History of Graphic Design
 

All art has to do with communication, but this is uniquely true of graphic design. Graphic design has as its goal the communication of some specific message to a group of people, and the success of a design is measured by how well that message is conveyed.

Graphic design is as old as civilization itself. The development of written languages, for example, entailed a lengthy process of graphic design, as scribes gradually agreed that certain symbols would represent specific words or sounds. Over the centuries, these symbols were refined, clarified, simplified, and standardized--generation after generation of anonymous design work. The field as we know it today, however, has its roots in two more recent developments: the invention of the printing press in the 15th century and the Industrial Revolution of the 18th and 19th centuries.

Anyone can write up a notice to be posted on a door. The printing press made it possible to devise a notice that could be reproduced hundreds of times and distributed wisely. Someone, however, had to decide exactly how the notice would look; they had to design it. How would the words be placed on the page? Which words should be in larger type, which smaller? Should there be a border around them? An image to accompany them?

The Industrial Revolution, for its part, dramatically increased the commercial applications of graphic design. Before the Industrial Revolution, most products were grown or produced locally to serve a local population. A person who wanted a new pair of shoes, say, could walk down the road to the village cobbler; or perhaps wait for the monthly fair at which several cobblers from neighboring towns might appear.

With the advent of machines, huge quantities of goods were produced in centralized factories for wide distribution. For manufacturers to succeed in this newly competitive and anonymous environment, they had to market both themselves and their wares through advertising, distinctive packaging, and other graphic means.

At the same time, the invention of faster presses, automated typesetting, lithography, and photography expanded designers' capabilities, and the growth of newspapers and magazines expanded their reach. Today, international commerce, communications, and travel continue to feed the need for graphic design; and technological developments, most notably the computer, continue to broaden its possibilities.

A professional designer's role is to enhance living by applying a developed sense of aesthetics and utility to the design of the human-made world. Design both shapes and expresses our cultural values. Some designers see themselves as artists, while others prefer to think of themselves as creative problem-solvers. Design concepts and principles provide a basis for understanding how designers apply their skills to design issues as they work to enhance the visual, informational, and mechanical qualities of our material environment.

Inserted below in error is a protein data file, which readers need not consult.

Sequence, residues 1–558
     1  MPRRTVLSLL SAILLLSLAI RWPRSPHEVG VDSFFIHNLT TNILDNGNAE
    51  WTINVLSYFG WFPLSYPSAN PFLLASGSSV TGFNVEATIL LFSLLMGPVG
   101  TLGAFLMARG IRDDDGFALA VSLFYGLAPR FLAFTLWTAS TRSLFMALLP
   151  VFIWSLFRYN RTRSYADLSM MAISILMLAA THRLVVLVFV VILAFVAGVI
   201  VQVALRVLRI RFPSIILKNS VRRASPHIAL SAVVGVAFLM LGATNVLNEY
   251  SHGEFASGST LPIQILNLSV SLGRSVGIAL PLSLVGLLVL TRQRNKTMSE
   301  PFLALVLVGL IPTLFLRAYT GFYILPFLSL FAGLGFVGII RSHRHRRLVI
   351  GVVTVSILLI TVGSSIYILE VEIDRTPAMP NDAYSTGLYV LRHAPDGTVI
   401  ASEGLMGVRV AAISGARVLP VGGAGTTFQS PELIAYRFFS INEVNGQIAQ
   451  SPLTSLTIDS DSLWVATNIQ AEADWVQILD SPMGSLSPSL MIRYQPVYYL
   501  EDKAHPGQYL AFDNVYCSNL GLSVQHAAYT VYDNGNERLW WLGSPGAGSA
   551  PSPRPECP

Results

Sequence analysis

The word design is both a verb and a noun. Thus design is both a process and a product. To design something, the process, is to organize the various aspects of a work--line, space, light and color, texture, pattern, time and motion--into a totality, a unified whole. One is able to see in that totality something one calls its 'design'--that is, the product. One can recognize in the finished product the process of its organization and composition.

Of all the arts, graphic design comes closest to meeting us in our contemporary daily life. We interact with graphic design on an almost constant basis, and most designers have chosen it as their profession because they relish that close interaction with people in all situations. Many of our encounters with graphic design are even unintentional; we do not often seek out graphic design the way we might seek to view other art forms in a gallery or museum. This fact gives graphic designers an unequalled opportunity to inform, persuade, delight, bore, offend, or repel us.

The term graphic design refers to the process of working with words and pictures to create solutions to problems of visual communication. Much of graphic design involves designing materials to be printed, including books, magazines, brochures, packages, posters, and imagery for electronic media. Such design ranges in scale and complexity from postage stamps and trademarks to billboards, film, video, and web pages.

Graphic design is a creative process employing art and technology to communicate ideas. With control of symbols, type, color, and illustrations, the graphic designer produces visual compositions meant to attract, inform, and persuade a given audience. Under the skilled guidance of a graphic designer, a message becomes visual, transcending words alone.

 
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